Stefan's Reviews > Postsingular

Postsingular by Rudy Rucker
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Mar 27, 2009

it was ok
bookshelves: science-fiction
Read in February, 2009

Damn, but this is a weird book. In one of the first chapters, a fairly typical weird scientist character uses sentient nano-machines to deconstruct the planet Mars, turning it into a giant super-computer shaped like a Dyson sphere. As a result, the entire sky-view of Earth is now in effect the inside of the sphere. One of the scenes in this book that positively gave me the creeps was a description of that sphere being used as a gigantic Imax screen for political propaganda. Imagine looking up to the sky and seeing an enormous politician projected there. The stuff nightmares are made of...
This book is filled with absolutely wonky post-singularity technology. In the same chapter mentioned above, the sentient nano-machines also decide to turn Earth into computronium, using the resulting computing power to generate a virtual version of Earth (yep: Vearth) where everyone can live forever as a virtual simulation. Thankfully, yet another nutty scientist's autistic son has managed to memorize thousands of lines of code that basically throw those nano-bots in reverse, so when the nano-beasties virtualize him, it sets off a chain reaction that negates the whole process and out pops good old Earth again. The kid's nutty scientist dad then develops another variant of sentient nano-beasties that cover everything and everyone on Earth and effectively turn everyone more or less omniscient and telepathic. All of this happens in the first 2 or 3 chapters. It gets weirder after this --- characters traveling to different dimensions and so on --- but I think you get the idea.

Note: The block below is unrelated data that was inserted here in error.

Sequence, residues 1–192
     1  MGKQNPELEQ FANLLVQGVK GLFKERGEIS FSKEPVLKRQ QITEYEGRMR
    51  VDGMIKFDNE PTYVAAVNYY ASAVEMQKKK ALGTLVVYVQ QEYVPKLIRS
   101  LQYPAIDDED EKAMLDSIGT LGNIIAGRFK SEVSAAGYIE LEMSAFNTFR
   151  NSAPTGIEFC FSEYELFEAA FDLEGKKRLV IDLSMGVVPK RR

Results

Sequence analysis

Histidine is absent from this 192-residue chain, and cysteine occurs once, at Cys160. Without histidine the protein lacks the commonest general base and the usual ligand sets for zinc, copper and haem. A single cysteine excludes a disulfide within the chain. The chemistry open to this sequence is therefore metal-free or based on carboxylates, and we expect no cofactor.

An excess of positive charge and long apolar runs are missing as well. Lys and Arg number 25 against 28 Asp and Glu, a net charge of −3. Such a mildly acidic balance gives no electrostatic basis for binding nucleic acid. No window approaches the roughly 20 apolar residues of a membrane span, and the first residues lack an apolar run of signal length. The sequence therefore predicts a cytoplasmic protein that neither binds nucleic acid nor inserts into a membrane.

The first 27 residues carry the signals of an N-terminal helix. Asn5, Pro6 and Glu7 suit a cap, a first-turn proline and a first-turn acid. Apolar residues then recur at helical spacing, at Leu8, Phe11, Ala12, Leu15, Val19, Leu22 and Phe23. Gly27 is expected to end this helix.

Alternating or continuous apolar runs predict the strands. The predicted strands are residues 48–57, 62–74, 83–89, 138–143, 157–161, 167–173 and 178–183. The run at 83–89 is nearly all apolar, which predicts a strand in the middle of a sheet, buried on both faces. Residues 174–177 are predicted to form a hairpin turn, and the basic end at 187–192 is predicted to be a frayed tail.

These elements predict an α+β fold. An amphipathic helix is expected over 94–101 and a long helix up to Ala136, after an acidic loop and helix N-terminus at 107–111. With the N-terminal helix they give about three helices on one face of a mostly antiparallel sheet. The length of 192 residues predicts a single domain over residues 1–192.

In the end, I gave the book just 2 stars. For one, I thought that some of the characters' reactions to all this post-singularity weirdness was way too casual. Most ordinary mortals would have gone into catatonic shock. Even worse, I found the prose style enormously annoying. The book is basically written in the same choppy tone as your average YA novel. The contrast between this style and the subject matter created so much dissonance that I just couldn't focus on the story and ended up skip-reading through the last 50 pages or so. There's a lot of good stuff in this book, and some really interesting characters and concepts, but in the end I couldn't help thinking that a more skilled writer could have done so much more with all those nifty ideas.
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